Its not often that I’m without words, but recently I have felt quiet and contemplative. The two words that have been on my lips most, are a diagnosis I struggle to pronounce, let alone understand: Juvenile Dermatomyositis (JDM).
These last few days since we’ve been home have felt like I’m underwater holding my breath. The same house, the same rituals and to do’s, the same family, but a very different reality.
I’m preparing myself to emerge back into the world with Elyse. It almost feels like when we introduced her to the world as a newborn, watching her every move with careful optimism, wanting to keep her within arms reach.
When you see her it might seem like you’re meeting any 18 month old toddler, her belly pooched out as she marches with a proud waddle. She makes one word declarations, wearing the world on her face with exaggerated expressions. When you see her, she’ll probably say “Hi” three times with her wide smile. You’ll notice her face is fuller and less blotchy, her big wide eyes reflecting her enthusiasm, the shadows beneath them hint at tiredness . She might make wide circles around you, gaining momentum and confidence with each step as she clucks and coos with glee.
In these moments we get to celebrate life with her as it should be, an energetic baby enjoying and exploring the world around her.
At home we also deal with another, new reality.
Each morning and evening we give her Prednisone, a steroid with undesirable side effects such as insomnia, weight gain, aggression, blood sugar changes, osteoporosis, and stomach upset. To counteract unwanted effects we give her Calcium, Vitamin D and Zantac. Prednisone suppresses her immune system so we have to protect her from being exposed to unwanted cooties- meaning avoiding crowded enclosed places or large groups of children.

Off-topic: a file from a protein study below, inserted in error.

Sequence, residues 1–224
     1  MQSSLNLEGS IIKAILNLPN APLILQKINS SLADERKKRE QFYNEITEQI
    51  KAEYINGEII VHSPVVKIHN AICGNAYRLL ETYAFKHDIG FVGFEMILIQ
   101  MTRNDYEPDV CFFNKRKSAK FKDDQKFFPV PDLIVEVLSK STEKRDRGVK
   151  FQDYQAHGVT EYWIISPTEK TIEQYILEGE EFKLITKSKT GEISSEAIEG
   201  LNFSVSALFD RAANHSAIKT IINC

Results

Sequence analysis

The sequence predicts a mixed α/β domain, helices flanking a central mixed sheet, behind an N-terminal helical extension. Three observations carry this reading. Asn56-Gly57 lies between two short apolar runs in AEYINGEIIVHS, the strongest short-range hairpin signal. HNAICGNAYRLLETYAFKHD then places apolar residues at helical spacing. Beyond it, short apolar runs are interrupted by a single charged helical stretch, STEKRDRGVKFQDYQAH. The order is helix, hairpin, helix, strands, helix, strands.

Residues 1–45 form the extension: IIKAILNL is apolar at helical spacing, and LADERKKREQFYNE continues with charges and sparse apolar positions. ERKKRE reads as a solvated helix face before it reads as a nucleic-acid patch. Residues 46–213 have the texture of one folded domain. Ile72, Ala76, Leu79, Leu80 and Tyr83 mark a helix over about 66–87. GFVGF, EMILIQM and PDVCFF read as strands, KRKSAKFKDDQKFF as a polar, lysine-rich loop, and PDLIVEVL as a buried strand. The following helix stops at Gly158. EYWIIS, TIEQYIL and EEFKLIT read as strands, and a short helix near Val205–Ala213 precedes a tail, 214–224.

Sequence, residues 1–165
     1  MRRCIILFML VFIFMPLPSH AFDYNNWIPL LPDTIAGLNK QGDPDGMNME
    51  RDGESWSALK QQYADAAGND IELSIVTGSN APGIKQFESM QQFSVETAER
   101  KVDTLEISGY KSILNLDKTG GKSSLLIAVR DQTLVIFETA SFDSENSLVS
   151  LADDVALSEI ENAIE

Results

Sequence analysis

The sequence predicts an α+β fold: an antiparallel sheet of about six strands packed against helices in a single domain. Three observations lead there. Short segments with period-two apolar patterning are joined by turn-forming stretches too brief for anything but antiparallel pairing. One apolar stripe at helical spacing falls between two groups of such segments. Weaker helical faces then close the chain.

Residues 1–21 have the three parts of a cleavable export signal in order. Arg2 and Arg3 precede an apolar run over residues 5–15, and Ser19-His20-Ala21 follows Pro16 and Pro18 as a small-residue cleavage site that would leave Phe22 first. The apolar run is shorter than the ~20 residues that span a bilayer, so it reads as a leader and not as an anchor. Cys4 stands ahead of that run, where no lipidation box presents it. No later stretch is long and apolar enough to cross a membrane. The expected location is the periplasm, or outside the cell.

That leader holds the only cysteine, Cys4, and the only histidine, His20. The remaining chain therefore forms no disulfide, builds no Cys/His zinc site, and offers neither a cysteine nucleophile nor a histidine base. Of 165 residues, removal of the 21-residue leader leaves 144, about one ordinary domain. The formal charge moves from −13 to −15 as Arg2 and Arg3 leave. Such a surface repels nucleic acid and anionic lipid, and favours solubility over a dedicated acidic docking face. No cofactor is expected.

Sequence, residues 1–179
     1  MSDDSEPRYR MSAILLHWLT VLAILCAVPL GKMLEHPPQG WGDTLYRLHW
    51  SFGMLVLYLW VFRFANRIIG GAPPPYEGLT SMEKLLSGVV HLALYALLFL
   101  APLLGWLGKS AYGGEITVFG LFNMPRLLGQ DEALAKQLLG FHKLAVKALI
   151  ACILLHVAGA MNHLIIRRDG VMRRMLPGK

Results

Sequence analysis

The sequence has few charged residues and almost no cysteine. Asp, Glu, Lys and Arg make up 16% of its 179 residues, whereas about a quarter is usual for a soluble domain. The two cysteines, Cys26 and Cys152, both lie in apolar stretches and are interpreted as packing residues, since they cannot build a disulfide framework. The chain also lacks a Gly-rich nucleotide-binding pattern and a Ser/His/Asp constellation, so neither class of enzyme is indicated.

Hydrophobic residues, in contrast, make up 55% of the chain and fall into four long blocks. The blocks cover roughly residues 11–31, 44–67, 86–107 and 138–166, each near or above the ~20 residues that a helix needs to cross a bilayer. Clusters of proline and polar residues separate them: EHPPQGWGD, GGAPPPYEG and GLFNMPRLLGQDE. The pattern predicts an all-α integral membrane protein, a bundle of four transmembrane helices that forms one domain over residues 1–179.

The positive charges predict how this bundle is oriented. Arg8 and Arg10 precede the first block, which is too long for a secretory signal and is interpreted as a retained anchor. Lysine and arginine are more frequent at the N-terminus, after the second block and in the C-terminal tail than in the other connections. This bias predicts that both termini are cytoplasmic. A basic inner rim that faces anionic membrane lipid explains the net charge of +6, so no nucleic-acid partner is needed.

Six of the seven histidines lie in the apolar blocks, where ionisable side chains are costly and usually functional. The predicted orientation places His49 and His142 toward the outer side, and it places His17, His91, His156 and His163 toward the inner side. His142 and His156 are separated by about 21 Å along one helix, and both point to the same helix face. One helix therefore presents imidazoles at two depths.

Because the sun can worsen the effects of JDM we need to avoid the sun during peak hours, and be vigilant about protection. E is embracing the hat as her new accessory.
Once a week, we give her a shot that is a chemotherapy drug called Methotrexate. We have to wear gloves to avoid contact with the very liquid that we inject into our baby’s skin. This is designed to work with the cortisteroid to quiet the overactive immune response that is attacking her skin and muscles .
The needle is tiny and the dose is very small. Though difficult, we agree these are the steps we need to take right now. After 30 minutes of practicing on fake plastic skin, Nate played the brave daddy and gave her the first injection (I played the pregnant for 9 months card).
Once a month we will go to the hospital for Elyse to receive a 6 hour IV drip of Intravenous Immune Globin (IVIG) which is a lot like a blood transfusion, but IVIG is made up of the plasma of up to 15,000 blood donors. Our nurse calls it liquid gold. I keep telling Elyse that it makes her sparkle.
E gets to play with a Physical Therapist twice a week until she rebuilds muscle strength and mobility, She thinks its pretty cool to have a personal trainer that gives her undivided attention, and beach balls.
E will have good moments, and moments when she is uncomfortable and fatigued. We hope the good days will be more and more.
We’re still taking time to absorb our new reality; to figure out how our lives will be the same and very different.
Right now the words Juvenile Dermatomyositis taste bitter and unnatural. The doctor confirmed she’s the youngest child he’s seen with JDM, as the average age of onset is 7 years old. I know that God lets us taste the hard things in life to help us appreciate the good. As we learn about suffering, we learn more about love. There is no turning back from this road that we’re on, and so we will trust God through this journey. We will celebrate God’s goodness; we will taste His fullness as you feed us; His faithfulness as you pray for us and walk beside us; we will grow to understand how wide and how deep, how long and how high His love is, as we love our daughter, knowing somehow He loves her even more.